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The main wine harvest has started in the German wine regions. As the German Wine Institute (DWI) reports, the sunny September has been very good for grape ripening after the cool and rainy summer. According to the DWI, the must weights have increased in the past two weeks by up to 17 degrees Oechsle for Burgundy varieties and by up to 21 degrees Oechsle for Riesling, depending on the region. In the official ripeness measurements, almost all varieties are already at the quality wine level on average.

Even though this year's trouble-free blossoming of the vines led to an overall good fruit set, the yield situation in the vineyards "varies greatly from region to region due to the extremely heterogeneous state of health of the vines," writes the DWI. Therefore, in many cases a selective harvest will be necessary. In addition, in parts of Baden and Württemberg late frosts reduced the expected yields, and in Saale-Unstrut severe winter frosts in February damaged a considerable part of the vines.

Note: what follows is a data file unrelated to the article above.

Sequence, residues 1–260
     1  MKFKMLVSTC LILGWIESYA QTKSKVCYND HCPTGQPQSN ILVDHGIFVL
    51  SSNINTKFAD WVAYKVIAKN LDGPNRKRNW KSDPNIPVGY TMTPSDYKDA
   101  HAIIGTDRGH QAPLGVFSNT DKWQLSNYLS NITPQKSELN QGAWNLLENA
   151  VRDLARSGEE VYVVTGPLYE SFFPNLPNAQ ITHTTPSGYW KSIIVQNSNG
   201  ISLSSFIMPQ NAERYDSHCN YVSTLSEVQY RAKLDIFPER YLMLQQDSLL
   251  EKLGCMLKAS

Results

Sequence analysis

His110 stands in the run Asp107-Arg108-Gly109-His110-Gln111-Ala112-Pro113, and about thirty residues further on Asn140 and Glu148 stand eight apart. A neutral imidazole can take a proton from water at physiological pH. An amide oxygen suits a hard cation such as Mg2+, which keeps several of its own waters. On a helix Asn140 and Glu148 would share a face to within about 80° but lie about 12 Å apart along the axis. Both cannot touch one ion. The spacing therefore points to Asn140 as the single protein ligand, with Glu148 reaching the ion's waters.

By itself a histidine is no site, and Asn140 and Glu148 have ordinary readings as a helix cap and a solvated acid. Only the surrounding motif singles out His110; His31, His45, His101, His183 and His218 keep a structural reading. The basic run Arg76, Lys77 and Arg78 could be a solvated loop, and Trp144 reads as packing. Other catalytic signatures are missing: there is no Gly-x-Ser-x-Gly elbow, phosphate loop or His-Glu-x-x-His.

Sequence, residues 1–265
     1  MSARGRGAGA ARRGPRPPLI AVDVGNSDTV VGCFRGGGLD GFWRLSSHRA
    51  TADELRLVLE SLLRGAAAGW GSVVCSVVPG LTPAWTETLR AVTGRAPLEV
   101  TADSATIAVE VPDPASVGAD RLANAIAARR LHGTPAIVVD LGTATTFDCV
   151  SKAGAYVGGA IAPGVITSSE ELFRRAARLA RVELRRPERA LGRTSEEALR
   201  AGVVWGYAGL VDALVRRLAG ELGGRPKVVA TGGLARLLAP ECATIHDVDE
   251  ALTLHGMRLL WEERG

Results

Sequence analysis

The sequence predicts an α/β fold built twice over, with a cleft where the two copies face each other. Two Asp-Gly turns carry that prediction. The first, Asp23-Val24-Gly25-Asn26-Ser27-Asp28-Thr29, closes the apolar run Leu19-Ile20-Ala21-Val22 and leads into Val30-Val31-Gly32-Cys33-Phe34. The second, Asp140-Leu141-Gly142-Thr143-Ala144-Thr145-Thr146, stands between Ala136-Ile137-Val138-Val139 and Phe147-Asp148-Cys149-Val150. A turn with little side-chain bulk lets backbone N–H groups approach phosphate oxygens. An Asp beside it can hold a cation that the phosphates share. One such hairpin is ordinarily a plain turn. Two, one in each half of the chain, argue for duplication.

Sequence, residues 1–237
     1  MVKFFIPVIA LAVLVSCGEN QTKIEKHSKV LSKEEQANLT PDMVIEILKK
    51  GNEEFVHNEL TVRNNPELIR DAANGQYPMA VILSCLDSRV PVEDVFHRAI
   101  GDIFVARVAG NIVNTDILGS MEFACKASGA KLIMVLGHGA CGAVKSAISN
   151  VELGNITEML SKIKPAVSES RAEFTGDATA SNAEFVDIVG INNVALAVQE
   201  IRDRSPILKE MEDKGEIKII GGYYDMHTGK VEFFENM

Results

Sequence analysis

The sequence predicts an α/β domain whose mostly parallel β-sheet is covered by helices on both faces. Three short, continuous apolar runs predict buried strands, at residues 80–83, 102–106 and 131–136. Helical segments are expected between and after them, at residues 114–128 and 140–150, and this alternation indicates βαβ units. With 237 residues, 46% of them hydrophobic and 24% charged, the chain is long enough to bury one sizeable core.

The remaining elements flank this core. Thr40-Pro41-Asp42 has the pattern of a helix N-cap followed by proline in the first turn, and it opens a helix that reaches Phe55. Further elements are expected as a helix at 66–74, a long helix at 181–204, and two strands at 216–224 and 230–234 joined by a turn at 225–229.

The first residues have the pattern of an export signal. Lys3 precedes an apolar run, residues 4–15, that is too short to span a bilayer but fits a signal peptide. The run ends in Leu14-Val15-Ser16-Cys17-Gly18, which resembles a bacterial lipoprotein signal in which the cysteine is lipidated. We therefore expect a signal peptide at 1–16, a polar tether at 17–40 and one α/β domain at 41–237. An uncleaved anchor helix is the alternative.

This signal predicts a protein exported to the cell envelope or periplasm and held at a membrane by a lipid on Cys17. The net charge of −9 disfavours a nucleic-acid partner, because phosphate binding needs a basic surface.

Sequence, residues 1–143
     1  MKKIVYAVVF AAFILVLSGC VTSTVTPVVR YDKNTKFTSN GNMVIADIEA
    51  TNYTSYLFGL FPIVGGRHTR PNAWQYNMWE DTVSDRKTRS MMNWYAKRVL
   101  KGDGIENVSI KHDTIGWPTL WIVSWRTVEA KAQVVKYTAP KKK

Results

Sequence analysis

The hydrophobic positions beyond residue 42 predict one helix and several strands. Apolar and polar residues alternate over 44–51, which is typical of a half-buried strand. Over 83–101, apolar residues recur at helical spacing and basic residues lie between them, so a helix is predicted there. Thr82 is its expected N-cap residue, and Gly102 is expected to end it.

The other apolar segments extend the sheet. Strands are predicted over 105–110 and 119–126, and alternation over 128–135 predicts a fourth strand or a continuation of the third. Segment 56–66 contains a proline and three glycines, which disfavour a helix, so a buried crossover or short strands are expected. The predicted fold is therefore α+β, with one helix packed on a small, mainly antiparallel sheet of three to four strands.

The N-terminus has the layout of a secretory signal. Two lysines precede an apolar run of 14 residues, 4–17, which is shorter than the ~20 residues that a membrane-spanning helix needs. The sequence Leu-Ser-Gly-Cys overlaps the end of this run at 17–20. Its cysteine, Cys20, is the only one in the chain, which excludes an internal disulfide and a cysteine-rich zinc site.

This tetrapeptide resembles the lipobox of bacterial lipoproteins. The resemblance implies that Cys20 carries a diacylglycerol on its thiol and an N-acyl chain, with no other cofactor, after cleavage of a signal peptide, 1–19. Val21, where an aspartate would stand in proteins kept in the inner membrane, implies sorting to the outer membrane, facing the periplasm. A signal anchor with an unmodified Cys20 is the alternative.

According to the DWI, around ten percent of the vineyards in the Ahr region were destroyed by the floods. The vineyards that were spared are in good shape, however, thanks to the help of colleagues from other growing regions. Currently, the first early Burgundy grapes are already being harvested there, and the locally dominant Pinot Noir should be harvested in about two weeks. From a qualitative point of view, the Ahr wine producers expect a very good vintage despite all the difficulties, which can be processed completely in the growing region.

Nationwide, first cautious yield estimates assume a harvest volume that is slightly below the ten-year average of about nine million hectolitres. However, a more precise forecast will only be possible in a few weeks.

(uka / Source: DWI - Photo: German Wine Institute)